One Day in HalifaxAAA editors suggest these activities for a great short vacation experience.
Start your day at Halifax Seaport Farmers’ Market (1209 Marginal Rd.), created by a royal proclamation in 1750. Although it has changed locations and is now on the waterfront, the bustling market is a great place to eat, as it houses more vendors than you can count hawking locally grown fruits and vegetables, baked goodies, local wine and beer, and fresh meats and fish. If you’re looking for out-of-the-ordinary souvenirs, pick up some pewter jewelry, sea-glass art or Mi’kmaq dream catchers. Grab some tea or coffee and a delectable fresh pastry to go, and head out to the boardwalk.
You’ll find plenty of selfie opportunities as you stroll along the wooden boardwalk, one of the longest in North America. Pop into some of the galleries and shops along the way, or just window shop. Take a selfie in one of the orange hammocks placed by the city on the boardwalk, and when you see three oddly bent lamp posts (aka the drunken lamp posts) on South Battery Pier near Bishop’s Landing, don’t resist the urge to snap a pic for your Instagram.
Wilimedia Commons / CC BY SA/Skeezix1000
Explore the Canadian Museum of Immigration at Pier 21 (1055 Marginal Rd.), where, from 1928 to 1971, 1.5 million immigrants entered to begin new lives as Canadians. Listen to compelling firsthand accounts of what it was like to travel across the Atlantic Ocean, check out the personal belongings and luggage of these newcomers, and wander through the train cars that they rode to their new homes in other parts of Canada.
Afternoon Break for lunch at The Old Triangle Irish Alehouse (5136 Prince St.), a nearby restaurant that’s close to the waterfront. The dark woods and heavy tables suit the Irish pub, and you’ll feel at home as you dig into fish and chips, a corned beef sandwich, or a burger with bacon, lettuce, tomato and Dubliner cheese.
Indulge your sweet tooth with some hand-paddled ice cream at Sugah! (1479 Lower Water St.). Watch as locally grown fruits are mixed into your favorite flavor on a marble slab to create inventive combinations; try blueberries mixed into Belgian chocolate. Snap up some candy in flavors that are definitely not run-of-the-mill, like beer-and-pretzel brittle or dark chocolate bars with Nova Scotia sea salt.
Courtesy of Wikimedia Commons
Immerse yourself in the province’s fascinating marine history at the Maritime Museum of the Atlantic (1675 Lower Water St.). The RMS Titanic sank off the coast of Nova Scotia in 1912, and the museum houses a treasure trove of unusual pieces salvaged from the ill-fated ship, including first-class dinnerware, a mahogany cabinet from a first-class bathroom and a pair of leather shoes that belonged to a 19-month-old boy. Visitors can also see models of a lifeboat and a deck chair that had been used on the vessel.
Time for dinner! If you're wondering where to eat, grab a table at the Waterfront Warehouse Restaurant & Oyster House (1549 Lower Water St.) and dive into heaping plates of local seafood like Digby scallops, clams or lobster. Oyster lovers will be thrilled with the dozen or so varieties they can choose from, all plucked from local waters. Upside-down canoes, oars and ropy nets dangle from the ceiling, so if you like kitschy nautical décor, you’ve come to the right place.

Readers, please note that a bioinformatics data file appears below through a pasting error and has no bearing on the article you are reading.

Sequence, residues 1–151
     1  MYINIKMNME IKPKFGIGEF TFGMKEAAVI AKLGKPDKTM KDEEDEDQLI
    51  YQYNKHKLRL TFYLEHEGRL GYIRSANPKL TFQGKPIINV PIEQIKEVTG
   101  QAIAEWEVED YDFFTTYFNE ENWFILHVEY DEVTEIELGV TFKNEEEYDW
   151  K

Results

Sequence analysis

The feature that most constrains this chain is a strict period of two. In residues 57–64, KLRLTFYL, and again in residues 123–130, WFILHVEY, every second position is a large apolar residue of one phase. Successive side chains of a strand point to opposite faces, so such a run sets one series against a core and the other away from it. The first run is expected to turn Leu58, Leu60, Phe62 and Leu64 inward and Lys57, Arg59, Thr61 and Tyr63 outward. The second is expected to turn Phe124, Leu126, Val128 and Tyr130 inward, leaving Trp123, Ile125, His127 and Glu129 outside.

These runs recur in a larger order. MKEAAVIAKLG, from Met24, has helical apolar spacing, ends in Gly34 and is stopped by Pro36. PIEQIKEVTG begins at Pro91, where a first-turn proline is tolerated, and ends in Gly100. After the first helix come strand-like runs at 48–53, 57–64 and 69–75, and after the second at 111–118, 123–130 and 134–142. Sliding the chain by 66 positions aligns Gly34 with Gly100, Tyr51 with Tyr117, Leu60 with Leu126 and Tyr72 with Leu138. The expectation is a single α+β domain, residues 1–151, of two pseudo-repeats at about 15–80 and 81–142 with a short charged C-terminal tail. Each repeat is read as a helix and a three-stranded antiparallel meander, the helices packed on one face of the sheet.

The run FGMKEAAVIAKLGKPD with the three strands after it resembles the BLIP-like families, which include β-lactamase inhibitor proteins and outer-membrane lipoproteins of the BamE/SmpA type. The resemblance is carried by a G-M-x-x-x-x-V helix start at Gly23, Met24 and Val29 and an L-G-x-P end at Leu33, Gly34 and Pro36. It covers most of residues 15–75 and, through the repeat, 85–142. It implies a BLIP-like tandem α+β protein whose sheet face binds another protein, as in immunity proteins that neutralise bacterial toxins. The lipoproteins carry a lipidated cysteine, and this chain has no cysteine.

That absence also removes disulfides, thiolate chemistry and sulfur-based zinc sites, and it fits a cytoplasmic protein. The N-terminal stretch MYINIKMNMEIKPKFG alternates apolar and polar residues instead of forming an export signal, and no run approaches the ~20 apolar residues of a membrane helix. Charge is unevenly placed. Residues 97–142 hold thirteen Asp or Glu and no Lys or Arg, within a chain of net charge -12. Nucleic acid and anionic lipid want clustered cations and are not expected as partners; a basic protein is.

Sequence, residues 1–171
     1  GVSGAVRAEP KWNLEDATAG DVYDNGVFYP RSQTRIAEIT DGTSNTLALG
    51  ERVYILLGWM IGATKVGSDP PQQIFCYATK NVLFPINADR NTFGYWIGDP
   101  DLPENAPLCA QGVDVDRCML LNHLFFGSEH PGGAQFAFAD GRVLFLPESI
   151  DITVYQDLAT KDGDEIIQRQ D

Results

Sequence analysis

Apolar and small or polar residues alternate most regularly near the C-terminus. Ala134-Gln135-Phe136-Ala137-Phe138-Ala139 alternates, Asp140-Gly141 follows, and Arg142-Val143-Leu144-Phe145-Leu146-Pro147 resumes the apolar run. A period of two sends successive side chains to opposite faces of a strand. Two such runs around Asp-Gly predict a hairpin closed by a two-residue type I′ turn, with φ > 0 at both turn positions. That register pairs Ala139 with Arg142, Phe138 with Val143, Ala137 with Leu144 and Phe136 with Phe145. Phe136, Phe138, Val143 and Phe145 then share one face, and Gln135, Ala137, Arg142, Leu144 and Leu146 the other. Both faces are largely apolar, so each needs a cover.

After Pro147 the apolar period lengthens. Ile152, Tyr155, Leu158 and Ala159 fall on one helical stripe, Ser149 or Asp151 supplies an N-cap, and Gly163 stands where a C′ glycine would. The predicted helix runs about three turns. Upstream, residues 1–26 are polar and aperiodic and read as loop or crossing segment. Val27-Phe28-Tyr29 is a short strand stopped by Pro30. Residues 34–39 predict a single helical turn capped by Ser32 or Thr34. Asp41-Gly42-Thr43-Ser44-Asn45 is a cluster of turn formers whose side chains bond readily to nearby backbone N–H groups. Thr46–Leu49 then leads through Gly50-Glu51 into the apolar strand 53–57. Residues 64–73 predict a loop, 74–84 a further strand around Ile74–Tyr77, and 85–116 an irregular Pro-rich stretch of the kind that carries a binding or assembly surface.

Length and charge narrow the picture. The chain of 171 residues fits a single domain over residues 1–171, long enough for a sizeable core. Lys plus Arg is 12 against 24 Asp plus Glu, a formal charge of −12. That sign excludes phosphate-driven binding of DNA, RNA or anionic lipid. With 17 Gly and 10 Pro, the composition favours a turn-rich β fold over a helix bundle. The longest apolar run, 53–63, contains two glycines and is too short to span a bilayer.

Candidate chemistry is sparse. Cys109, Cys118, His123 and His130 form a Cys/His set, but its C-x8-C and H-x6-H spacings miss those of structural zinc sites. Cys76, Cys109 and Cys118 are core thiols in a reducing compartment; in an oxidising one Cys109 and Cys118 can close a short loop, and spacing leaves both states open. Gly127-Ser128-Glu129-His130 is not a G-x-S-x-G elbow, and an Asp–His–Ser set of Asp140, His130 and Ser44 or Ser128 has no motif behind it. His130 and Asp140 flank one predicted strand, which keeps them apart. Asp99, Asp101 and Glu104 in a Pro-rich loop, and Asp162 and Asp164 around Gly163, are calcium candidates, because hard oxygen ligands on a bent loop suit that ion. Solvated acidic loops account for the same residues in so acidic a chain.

If the night is still young and you want to sample nightlife Halifax-style, there are plenty of pubs and bars along and near the waterfront. If the weather's warm enough, many of them have patios so you can also enjoy the lovely weather, and some serve food into the wee hours if you're looking for a place to eat. The live music scene is hopping, and fans will easily find a spot to suit their tastes. Take a seat inside The Lower Deck Pub (1887 Upper Water St.) to catch live rock and folk bands, or head to The Old Triangle Irish Alehouse (5136 Prince St.) to see Celtic step dancing.
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Nova Scotia’s Harmonized Sales Tax is 15 percent. In addition, a 2 percent accommodations tax is charged for rooms in properties offering 20 or more rentable rooms.
(902) 490-5530 or 311
Halifax Infirmary (QE II Health Sciences Centre), (902) 473-2700; Dartmouth General Hospital (in Dartmouth), 902-465-8300.
1655 Lower Water St. Halifax, NS B3J 1S2. Phone:(902)424-4248
Halifax Stanfield International Airport is 21 miles north at 1 Bell Blvd., Enfield, NS; phone (902) 873-4422.
Six rental car companies service Halifax Stanfield International Airport and can be found in the arrivals area.
Rail service is offered with VIA Rail Canada at 1161 Hollis St.; phone (888) 842-7245.
Maritime Bus has two locations. The Halifax airport location is open daily 10-10; phone (800) 575-1807. The VIA Rail Canada station, 1161 Hollis St., is open daily 6:30 a.m.-7 p.m.; phone (902) 429-2029.
A taxi or limousine ride from the airport to Halifax’s city center costs about $63. Numerous companies serve the area.
Halifax Transit offers bus service with nearly six dozen routes in Halifax and nearby rural areas. Fare $2.75-$4.25; $2-$3 (ages 13-17 and 65+); free (ages 0-12; ages 65+ Tues. 10-3:30 and after 6 p.m.). Exact cash fare is required. You must request a transfer at time of boarding. Phone (902) 480-8000 for bus departure details or 311 for general information.